Ex-USFK commander: Annual renewal of defense costs deal causes structural instability
Jay Yim, Jan. 24, 2020, 11:45 a.m.
The decision last year to renew the cost-sharing pact between Seoul and Washington each year for the upkeep of 28,500 American troops here will cause structural instability, a former U.S. Forces Korea commander has said.
In an interview with the Voice of America on Thursday (U.S. time), former USFK Commander Vincent Brooks said the annual renewal deal does not guarantee its stability as it always takes more than a year when it comes to local hires and the construction of military facilities.
He said the deal needs to be renewed every three or every five years given the period required for local employment and construction projects financed by South Korea.
In March last year, Seoul and Washington agreed to renew the cost-sharing deal, called the Special Measures Agreement (SMA), on an annual basis.
Seoul and Washington held their last round of negotiations in the U.S. capital earlier this month, where Seoul's foreign ministry said they have "broadened their mutual understanding and common ground."
They are expected to hold the next round of the SMA talks in Seoul early next month.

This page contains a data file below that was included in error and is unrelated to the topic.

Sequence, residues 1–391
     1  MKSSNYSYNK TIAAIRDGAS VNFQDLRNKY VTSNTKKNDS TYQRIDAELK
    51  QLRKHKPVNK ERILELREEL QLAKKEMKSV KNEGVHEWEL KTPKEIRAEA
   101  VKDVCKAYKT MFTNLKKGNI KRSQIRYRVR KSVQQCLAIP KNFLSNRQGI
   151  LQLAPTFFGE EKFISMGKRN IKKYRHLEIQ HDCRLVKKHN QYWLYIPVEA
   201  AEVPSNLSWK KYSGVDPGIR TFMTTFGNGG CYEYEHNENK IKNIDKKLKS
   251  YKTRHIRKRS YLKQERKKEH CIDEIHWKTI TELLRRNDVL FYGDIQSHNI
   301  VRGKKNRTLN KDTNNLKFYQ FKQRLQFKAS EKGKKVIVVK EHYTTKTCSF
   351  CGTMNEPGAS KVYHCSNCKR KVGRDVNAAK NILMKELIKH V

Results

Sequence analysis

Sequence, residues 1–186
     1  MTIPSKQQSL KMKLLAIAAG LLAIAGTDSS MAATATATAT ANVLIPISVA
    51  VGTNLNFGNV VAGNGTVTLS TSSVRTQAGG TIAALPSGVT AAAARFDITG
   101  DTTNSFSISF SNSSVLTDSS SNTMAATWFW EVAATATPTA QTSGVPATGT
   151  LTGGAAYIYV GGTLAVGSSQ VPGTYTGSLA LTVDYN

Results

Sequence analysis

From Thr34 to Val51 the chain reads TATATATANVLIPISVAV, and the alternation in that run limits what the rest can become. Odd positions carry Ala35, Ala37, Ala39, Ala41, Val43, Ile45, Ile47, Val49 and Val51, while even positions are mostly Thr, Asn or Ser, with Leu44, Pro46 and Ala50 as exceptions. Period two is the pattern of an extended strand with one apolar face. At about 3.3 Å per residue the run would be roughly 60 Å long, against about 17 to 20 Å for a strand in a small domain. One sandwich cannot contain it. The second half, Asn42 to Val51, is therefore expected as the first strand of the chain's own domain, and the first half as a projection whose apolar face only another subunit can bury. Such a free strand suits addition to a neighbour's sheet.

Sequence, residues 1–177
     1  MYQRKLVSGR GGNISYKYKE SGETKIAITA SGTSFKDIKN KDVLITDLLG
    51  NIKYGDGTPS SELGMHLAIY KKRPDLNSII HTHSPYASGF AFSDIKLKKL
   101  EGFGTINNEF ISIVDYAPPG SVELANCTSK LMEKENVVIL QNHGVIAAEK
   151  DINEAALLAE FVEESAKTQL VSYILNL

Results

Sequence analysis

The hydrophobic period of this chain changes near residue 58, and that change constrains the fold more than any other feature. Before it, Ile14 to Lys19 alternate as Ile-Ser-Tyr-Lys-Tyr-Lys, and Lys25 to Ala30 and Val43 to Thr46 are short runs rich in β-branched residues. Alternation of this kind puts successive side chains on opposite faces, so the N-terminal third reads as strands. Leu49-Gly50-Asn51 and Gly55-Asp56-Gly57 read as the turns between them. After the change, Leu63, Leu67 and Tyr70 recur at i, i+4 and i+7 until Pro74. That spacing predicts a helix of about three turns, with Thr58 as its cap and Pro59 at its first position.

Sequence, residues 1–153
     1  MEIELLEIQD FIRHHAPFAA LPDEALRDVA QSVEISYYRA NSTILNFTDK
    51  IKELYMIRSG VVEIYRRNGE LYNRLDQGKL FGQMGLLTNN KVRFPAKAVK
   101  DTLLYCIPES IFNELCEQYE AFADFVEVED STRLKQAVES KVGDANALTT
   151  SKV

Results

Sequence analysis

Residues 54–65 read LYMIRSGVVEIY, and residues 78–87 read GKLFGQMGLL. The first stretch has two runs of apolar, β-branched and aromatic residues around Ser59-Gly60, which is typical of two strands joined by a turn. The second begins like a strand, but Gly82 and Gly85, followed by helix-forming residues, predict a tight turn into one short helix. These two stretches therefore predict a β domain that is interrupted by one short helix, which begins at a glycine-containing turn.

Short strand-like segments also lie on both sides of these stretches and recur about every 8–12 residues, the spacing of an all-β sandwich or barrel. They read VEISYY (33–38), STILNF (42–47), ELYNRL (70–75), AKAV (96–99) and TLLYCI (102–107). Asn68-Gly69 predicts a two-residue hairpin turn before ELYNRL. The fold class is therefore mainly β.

Seoul has insisted that the negotiations should proceed within the existing SMA framework, while Washington has demanded that its coverage be expanded to include extra costs, such as those for rotations of American troops to the peninsula.
To tamp down U.S. pressure on South Korea to jack up the defense costs, Seoul has been highlighting its contributions to the bilateral alliance, such as its financial support for the construction of a key U.S. base south of Seoul and its massive purchases of U.S.-made weapons.
U.S. President Donald Trump initially demanded that Seoul pay about $5 billion a year for the stationing of U.S. forces here, more than five times the $900 million in the one-year agreement that expired Dec. 31.
Meanwhile, the U.S. is warning it will send furlough notices within weeks to almost 9,000 South Korean workers at U.S. bases if the two countries fail to sign a troop funding deal, according to a Bloomberg report.